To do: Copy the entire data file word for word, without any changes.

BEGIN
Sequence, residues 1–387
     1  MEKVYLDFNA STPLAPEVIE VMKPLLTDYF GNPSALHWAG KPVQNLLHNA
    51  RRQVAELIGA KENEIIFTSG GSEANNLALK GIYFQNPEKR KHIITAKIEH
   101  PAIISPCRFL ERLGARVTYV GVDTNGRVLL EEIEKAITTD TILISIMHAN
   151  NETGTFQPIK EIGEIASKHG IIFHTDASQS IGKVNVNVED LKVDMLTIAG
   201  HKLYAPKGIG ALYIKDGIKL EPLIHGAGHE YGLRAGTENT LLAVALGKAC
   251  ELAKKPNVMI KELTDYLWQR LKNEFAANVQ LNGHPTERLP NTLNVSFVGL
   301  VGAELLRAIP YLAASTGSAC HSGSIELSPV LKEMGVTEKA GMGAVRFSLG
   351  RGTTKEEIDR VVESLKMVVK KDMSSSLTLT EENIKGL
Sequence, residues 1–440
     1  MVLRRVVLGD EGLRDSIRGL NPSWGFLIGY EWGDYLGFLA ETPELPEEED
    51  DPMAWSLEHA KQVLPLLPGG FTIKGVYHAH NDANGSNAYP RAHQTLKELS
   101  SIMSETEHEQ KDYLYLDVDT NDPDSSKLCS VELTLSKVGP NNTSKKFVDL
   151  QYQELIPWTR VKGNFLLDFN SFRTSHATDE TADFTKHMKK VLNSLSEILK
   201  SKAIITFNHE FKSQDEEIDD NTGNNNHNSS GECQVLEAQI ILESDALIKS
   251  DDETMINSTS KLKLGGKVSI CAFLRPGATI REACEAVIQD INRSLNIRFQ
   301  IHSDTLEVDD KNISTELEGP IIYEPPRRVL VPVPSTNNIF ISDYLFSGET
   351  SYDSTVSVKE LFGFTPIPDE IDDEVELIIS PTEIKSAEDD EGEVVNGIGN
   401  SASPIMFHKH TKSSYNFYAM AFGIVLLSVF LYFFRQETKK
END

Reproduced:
Sequence, residues 1–387
     1  MEKVYLDFNA STPLAPEVIE VMKPLLTDYF GNPSALHWAG KPVQNLLHNA
    51  RRQVAELIGA KENEIIFTSG GSEANNLALK GIYFQNPEKR KHIITAKIEH
   101  PAIISPCRFL ERLGARVTYV GVDTNGRVLL EEIEKAITTD TILISIMHAN
   151  NETGTFQPIK EIGEIASKHG IIFHTDASQS IGKVNVNVED LKVDMLTIAG
   201  HKLYAPKGIG ALYIKDGIKL EPLIHGAGHE YGLRAGTENT LLAVALGKAC
   251  ELAKKPNVMI KELTDYLWQR LKNEFAANVQ LNGHPTERLP NTLNVSFVGL
   301  VGAELLRAIP YLAASTGSAC HSGSIELSPV LKEMGVTEKA GMGAVRFSLG
   351  RGTTKEEIDR VVESLKMVVK KDMSSSLTLT EENIKGL
Sequence, residues 1–440
     1  MVLRRVVLGD EGLRDSIRGL NPSWGFLIGY EWGDYLGFLA ETPELPEEED
    51  DPMAWSLEHA KQVLPLLPGG FTIKGVYHAH NDANGSNAYP RAHQTLKELS
   101  SIMSETEHEQ KDYLYLDVDT NDPDSSKLCS VELTLSKVGP NNTSKKFVDL
   151  QYQELIPWTR VKGNFLLDFN SFRTSHATDE TADFTKHMKK VLNSLSEILK
   201  SKAIITFNHE FKSQDEEIDD NTGNNNHNSS GECQVLEAQI ILESDALIKS
   251  DDETMINSTS KLKLGGKVSI CAFLRPGATI REACEAVIQD INRSLNIRFQ
   301  IHSDTLEVDD KNISTELEGP IIYEPPRRVL VPVPSTNNIF ISDYLFSGET
   351  SYDSTVSVKE LFGFTPIPDE IDDEVELIIS PTEIKSAEDD EGEVVNGIGN
   401  SASPIMFHKH TKSSYNFYAM AFGIVLLSVF LYFFRQETKK